Hey! I’m Tessie!
I help people like you finally create a peaceful relationship with food and body so you can become the next best version of yourself through my private and group coaching programs.
YOU'RE IN THE RIGHT PLACE IF YOU...
Feel inconsistent with your eating and fitness, and don't know how to find a balance between "balls to the wall" and "crap, I skipped the gym all week!"
Cringe when you get compliments on your appearance because inside your head, all you hear is, "I'm not as pretty/skinny/sexy as her" "yeah right" or "are they just saying that to be nice?"
Feel like you try to eat your problems away. Emotional eating feels so good! Until it doesn't 🙁 You promise yourself "just one cookie" or "this is the last time"... and the next thing you know you're wiping frosting from the 4 cupcakes you just inhaled off your face.
Have had some recent life events or changes that have you feeling stressed, lacking time and energy for self-care, proper nutrition and exercise. #girlbossproblems
Feel like your environment (people you're around most, office snacks/treats, social environment like eating out) inhibits you from being at your healthiest.
Have you ever put yourself in a situation to be at risk of things going wrong, and thought, “oh, but that would never happen to me… maybe to someone else, but not me."
Well, I found myself in that exact position, humbled to be the ‘someone else’ in what I call my quarter life crisis.
I had been an athlete since the age of 4 you see. That’s right, 4! Maybe even 3 ½ . This is when I started my 10-year journey as a gymnast. I competed up until about age 13 and the next 10 years were full of every other sport on the planet: tennis, volleyball, cheerleading, crew, track, basketball, soccer, and hip-hop dancing.
Then, life changed: I graduated from college. I was not a collegiate cheerleader anymore. I didn’t have a coach telling me what my goal was or what to do.
I felt lost and had total sport withdrawl.
People started telling me I had "a great shape for bodybuilding." So, I googled and found an oh-so-fit power couple who trained people for bodybuilding and fitness shows. I called ‘em up and I was on my way to a lot of growth (and also a lot of lesson-learning.)
Little red flags popped up along the way.
One of my closest friends stopped talking to me when I started training because she felt people commonly developed eating disorders and mental issues from doing these shows.
“But that would never happen to me.”
I took thermogenics (fat-burning pills), appetite suppressants, and 1,000mg of caffeine a day. This isn't abnormal for competition prep, but I have a congenital heart condition, and should NEVER have been on so many pills that all had one prominent effect: elevated heart rate!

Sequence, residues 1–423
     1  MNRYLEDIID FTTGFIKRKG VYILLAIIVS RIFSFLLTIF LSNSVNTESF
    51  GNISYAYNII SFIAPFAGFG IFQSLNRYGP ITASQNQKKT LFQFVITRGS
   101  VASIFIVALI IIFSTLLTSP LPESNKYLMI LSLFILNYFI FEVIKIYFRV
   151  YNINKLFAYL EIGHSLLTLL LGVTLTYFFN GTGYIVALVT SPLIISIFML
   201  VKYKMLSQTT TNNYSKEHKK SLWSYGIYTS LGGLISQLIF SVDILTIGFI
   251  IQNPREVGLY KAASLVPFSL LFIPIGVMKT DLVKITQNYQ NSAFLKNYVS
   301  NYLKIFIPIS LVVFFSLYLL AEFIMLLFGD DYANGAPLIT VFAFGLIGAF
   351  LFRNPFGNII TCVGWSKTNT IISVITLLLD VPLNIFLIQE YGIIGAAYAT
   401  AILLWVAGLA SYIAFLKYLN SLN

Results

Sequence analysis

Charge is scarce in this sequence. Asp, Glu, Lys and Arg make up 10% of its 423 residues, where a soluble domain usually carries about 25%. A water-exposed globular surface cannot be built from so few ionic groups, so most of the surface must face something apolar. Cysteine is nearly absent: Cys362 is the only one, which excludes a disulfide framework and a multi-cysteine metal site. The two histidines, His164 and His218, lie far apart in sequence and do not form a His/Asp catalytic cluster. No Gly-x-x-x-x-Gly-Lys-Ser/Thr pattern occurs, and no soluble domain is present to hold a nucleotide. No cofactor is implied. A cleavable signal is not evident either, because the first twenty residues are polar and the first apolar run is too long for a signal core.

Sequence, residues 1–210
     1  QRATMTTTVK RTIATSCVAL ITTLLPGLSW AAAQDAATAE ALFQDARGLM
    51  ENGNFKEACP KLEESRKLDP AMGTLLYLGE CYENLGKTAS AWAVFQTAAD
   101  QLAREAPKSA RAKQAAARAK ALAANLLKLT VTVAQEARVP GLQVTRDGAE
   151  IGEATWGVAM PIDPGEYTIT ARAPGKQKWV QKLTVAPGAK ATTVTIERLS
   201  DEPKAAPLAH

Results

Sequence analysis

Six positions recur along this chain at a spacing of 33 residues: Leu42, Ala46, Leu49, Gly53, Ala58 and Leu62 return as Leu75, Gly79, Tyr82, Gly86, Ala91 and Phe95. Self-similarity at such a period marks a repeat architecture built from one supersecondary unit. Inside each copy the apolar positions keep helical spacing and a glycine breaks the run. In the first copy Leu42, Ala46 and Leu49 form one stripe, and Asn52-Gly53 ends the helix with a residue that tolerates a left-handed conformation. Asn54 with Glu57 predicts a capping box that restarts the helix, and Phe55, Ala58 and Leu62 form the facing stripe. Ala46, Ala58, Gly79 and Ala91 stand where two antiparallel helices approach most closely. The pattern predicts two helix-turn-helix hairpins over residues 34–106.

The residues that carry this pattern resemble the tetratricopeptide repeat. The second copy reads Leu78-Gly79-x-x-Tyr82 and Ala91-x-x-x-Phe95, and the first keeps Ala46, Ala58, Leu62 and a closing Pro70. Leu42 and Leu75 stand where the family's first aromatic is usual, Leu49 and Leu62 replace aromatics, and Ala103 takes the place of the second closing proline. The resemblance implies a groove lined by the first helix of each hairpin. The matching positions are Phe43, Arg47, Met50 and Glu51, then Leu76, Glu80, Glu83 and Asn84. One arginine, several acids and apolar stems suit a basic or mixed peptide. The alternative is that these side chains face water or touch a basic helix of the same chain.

The red flags became a burning, scarlet, flashing red with sirens.
After a month, I remember thinking, "I don’t want to lose anymore weight." But, if I went to weigh-in with my trainers and wasn't at least down one pound each week, they wouldn’t let me compete.
I followed the diet:
- I cooked all my meals at home.
- I didn’t hang out with friends or family.
- I was crying everyday because my body and brain were so carb-deprived.
- I felt physically weak even though I was "strong."
- A typical day: I did cardio, coached cheerleading part-time, worked part-time as an teaching assistant, went back to the gym to lift, and went to sleep for another 9-10 hours.
- Worst of all, I'd become the ‘someone else’ I thought I was exempt from becoming. I became someone who made sure to burn 5 extra calories at night if I'd indulged that day on a piece of gum.
I'd got "there."
I was in this weird place of being super proud of my body and also not wanting to draw attention to it...
- "Wow, you’re disappearing!"
- "Where’d your ass go?"
- "Your arms are really lean, and like half the size they used to be."
There was a bittersweet tug when these comments would hit me, because deep down I knew this wasn’t a sustainable look for my body, but the other part of me truly fed off of this validation and felt a shame at the thought of looking like my "old self."
Likewise, although it was psychologically painful to see, my weight eventually evened out. I went back to where I was before I started the whole bodybuilding thing to begin with. And although it was a hard decision, I let go of the validation I'd loved hearing and vowed never to do another show again. I've never looked back and have learned to embrace my body for what it is, how it makes me feel, and what it lets me do.
I want to help you do the same.
Click the button below to schedule a free, no-hassle call with me so I can hear where you're at and see how I can help.